WASHINGTON - President Donald Trump's lawyers went for short and sweet during Saturday's impeachment trial, taking only two hours of their first day at the Senate podium to outline their case for exonerating the president - a marked contrast to House Democrats' marathon and often scathing presentations.
Trump's defense team will resume its presentation Monday.
But in Saturday's 120-minute opening, the president's lawyers attacked House Democrats' credibility and accused them of omitting exculpatory evidence. They portrayed Trump as innocent of all charges and warned the senator-jurors against removing him from office - saying that would be an abuse of power and imploring them to let American voters determine Trump's fate in November.
Saturday's proceedings marked the first opportunity for Trump's attorneys to defend their client in the Senate trial. House Democrats had presented their case over the previous three days, using almost all of the 24 hours allotted to them to outline their case that Trump abused the power of his office and obstructed Congress' investigation.
What happened Saturday: USA TODAY's latest updates on the Trump impeachment trial
Democrats say Trump abused his power by soliciting foreign interference from Ukraine in the 2020 election and then covered it up by blocking witness testimony and refusing to turn over documents to impeachment investigators.
Here are four takeaways from the impeachment trial on Saturday:
'Good news': Trump's attorneys woo senators with promise to be quick
In a clear bid to win over weary senators, White House counsel Pat Cipollone opened the president's case by promising not to take up too much of their precious weekend and to keep their whole presentation well under the 24 hours set aside for Trump's defense.
"We will finish efficiently and quickly," he promised at the start of the day.
Senators are not allowed to speak during the proceedings, so there was no applause for Cipollone. But Republicans have made it clear they found the House Democrats' presentation repetitive and a bit tedious.
Plus, lawmakers are not used to weekend Senate sessions or late nights in the chamber, which they endured for four days as the chamber decided on rules and the Democrats laid out their evidence and arguments.
So senators were likely relieved when Cipollone made good on his vow and wrapped up by noon. "Good news. Just a few more minutes from us," he said after only two hours - 60 minutes shorter than senators had expected to be stuck in their seats.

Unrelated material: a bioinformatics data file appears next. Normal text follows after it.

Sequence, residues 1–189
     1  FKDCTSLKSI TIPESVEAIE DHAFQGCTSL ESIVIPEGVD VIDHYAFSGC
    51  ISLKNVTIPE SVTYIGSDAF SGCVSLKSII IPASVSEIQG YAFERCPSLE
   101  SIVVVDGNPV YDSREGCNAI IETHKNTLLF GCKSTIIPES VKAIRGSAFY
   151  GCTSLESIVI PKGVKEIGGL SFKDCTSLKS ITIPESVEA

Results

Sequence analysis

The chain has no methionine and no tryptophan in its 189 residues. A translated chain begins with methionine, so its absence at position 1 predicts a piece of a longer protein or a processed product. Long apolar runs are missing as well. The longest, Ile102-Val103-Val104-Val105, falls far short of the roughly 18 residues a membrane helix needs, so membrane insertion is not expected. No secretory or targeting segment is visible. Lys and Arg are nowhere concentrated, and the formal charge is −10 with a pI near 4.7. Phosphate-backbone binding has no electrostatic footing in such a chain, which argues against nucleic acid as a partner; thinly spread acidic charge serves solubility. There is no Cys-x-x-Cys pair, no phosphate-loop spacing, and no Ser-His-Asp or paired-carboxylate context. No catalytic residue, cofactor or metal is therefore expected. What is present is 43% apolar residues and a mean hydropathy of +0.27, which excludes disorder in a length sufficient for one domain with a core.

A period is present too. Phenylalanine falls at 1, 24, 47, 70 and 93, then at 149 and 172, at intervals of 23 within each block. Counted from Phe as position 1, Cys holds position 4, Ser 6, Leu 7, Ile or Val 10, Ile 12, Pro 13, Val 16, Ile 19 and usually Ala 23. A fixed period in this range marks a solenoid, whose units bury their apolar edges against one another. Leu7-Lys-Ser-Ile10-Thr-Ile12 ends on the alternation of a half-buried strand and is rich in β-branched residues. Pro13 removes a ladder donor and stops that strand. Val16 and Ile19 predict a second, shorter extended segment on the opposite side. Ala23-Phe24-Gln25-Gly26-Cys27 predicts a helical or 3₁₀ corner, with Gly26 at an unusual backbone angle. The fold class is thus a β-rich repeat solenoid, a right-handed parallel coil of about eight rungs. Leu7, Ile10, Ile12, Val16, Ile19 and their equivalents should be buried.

Fact-check: Fact-checking the Senate impeachment trial of President Trump
Cipollone: It would be 'very, very dangerous' to oust Trump
Cipollone quickly focused on the gravity of the Senate impeachment trial proceedings and accused Democrats of trying to undo the 2016 presidential election - and interfere with the 2020 contest.
"They're asking you to do something very, very consequential and … very, very dangerous," Cipollone said. "They're asking you not only to overturn the results of the last election but … asking you to remove President Trump from the ballot in an election that's occurring in approximately nine months. They're asking you to tear up all of the ballots across this country" and "take that decision away from the American people."
Cipollone said it would be "a completely irresponsible abuse of power" to convict Trump based on the Ukraine allegations.
Mike Pompeo: Pompeo says NPR host 'lied' and mistook Bangladesh for Ukraine but doesn't dispute he cursed at her
Democrat case portrayed as riddled with omissions, exaggerations
The Trump defense team's first target was Rep. Adam Schiff, the California Democrat and Intelligence Committee chair who led the House impeachment proceedings.
Mike Purpura, deputy counsel to Trump, sought to undermine Schiff's credibility by opening with a clip of Schiff reading the supposed transcript of Trump's now-infamous July 25 phone call with Ukraine President Volodymyr Zelensky.
In the clip, Schiff appears to exaggerate the substance of the call and suggests Trump had directly asked his Ukrainian counterpart for "dirt" on a political opponent.
Schiff later said it was a "parody." But Purpura used it to attack Schiff's credibility and paint a broader picture of the House Democrats' case as misleading.